by Claudia Eve Beauchesne (MS Candidate)
When you’re nearly snowed in, but all packed up and ready to embark on a trip to Chicago to attend your first professional conference, there is nothing left to do but brave the storm, take an empty shuttle to an airport terminal that feels like a ghost town, and plead with the only airline employee to help you find a way to reach your destination.
That’s the situation I found myself in as I set out for the College Art Association conference, an escapade that I hoped would restore my spirits after a few weeks of post-holiday blahs. As it turned out, the only way to make it to Chicago in time for CAA was to fly to Florida and take a connecting flight the next day. I decided to take my chances. After a short night in a Tiki motel in Fort Lauderdale, I woke up early enough to see the sun rise over the palm trees, and began the next leg of my journey, which would take me first to Atlanta and then, finally, to the city where the Blues Brothers carried out their “mission from God” and Ferris Bueller spent his day off: Chicago.
Of course, my favorite session of the entire conference turned out to be the one I had to run for, breathlessly negotiating the Hyatt Regency hotel’s confusing tangle of hallways with my luggage in tow. It was a series of talks by artists who use antiquated technology – like printing presses, typewriters, vacuum tubes and vectographic slides – in their work. Titled Hypo-Technology: Artists Remix the Anachronistic and the Obsolete with the Present, the session was incredibly inspiring from an art historical perspective, and, as a latch-hook rug maker, I may join the group’s professional organization, the Impractical Labor Union.
Other highlights of CAA 2010 included a demonstration of the way Roy Lichtenstein’s appropriation of cartoonist Jack Kirby’s comic book illustrations ended up influencing Kirby’s later work (from of the Comics in Art History, Part 1 session), and an account of artist Jan Estep’s trek through the Norwegian wilderness in search of the site of a secluded cabin where philosopher Ludwig Wittgenstein wrote most of his Tractatus Logico-Philosophicus (from Intermix: Art and Language in Independent Publishing).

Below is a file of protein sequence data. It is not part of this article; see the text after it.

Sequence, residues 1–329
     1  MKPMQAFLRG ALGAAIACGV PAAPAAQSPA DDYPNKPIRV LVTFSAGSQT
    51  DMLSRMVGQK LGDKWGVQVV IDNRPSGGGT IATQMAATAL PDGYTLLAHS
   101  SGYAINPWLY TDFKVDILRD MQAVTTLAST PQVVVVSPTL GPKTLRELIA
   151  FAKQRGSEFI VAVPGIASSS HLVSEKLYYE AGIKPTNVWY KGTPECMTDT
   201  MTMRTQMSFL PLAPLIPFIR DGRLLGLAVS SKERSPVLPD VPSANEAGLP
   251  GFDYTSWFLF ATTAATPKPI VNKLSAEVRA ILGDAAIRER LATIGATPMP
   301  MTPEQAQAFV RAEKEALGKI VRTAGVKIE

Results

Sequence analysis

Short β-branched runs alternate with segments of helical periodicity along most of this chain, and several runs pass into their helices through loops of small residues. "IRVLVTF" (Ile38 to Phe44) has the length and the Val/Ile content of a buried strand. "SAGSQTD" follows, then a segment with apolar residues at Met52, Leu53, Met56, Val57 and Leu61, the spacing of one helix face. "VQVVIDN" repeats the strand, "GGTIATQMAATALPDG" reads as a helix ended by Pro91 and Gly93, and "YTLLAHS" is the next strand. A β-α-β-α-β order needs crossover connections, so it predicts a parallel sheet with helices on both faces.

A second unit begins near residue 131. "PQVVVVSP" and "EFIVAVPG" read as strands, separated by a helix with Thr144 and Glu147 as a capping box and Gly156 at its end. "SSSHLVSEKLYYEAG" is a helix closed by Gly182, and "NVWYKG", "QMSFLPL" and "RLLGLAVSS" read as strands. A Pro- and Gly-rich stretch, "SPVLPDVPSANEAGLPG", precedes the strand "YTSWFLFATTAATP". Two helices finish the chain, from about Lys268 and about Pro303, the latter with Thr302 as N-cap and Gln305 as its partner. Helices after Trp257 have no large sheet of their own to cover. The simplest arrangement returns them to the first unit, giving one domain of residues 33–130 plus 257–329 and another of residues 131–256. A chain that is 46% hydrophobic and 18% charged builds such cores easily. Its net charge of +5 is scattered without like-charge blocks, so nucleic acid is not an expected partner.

In my free time, instead of visiting the major museums or taking an architecture tour (which I had already done on my last visit to Chicago), I decided to explore the city’s emerging art scene. I saw the independent movie Beeswax (the latest addition to the so-called “mumblecore” genre), attended a sketch comedy show by the local troupe The Disasterists, and toured the galleries in Pilsen, a residential neighborhood with a burgeoning art scene. There, I stumbled upon the opening of a group show of prints and artists’ books by local artists at the No Coast gallery, a perfect complement to the sessions on printed matter and independent publishing that I had attended at CAA earlier that day.
As I flew back to New York (on a direct flight, this time) after a much needed change of scenery and five days crammed with art and history, I realized that the blahs had given way to a new creative energy. CAA 2010 was intense, and my feet still hurt from pacing four different airport terminals, dashing through the Hyatt’s carpeted hallways and dodging the “Caution: Falling Ice” signs on the frozen pavements, but Chicago, as a wise band once sang, you’re the inspiration.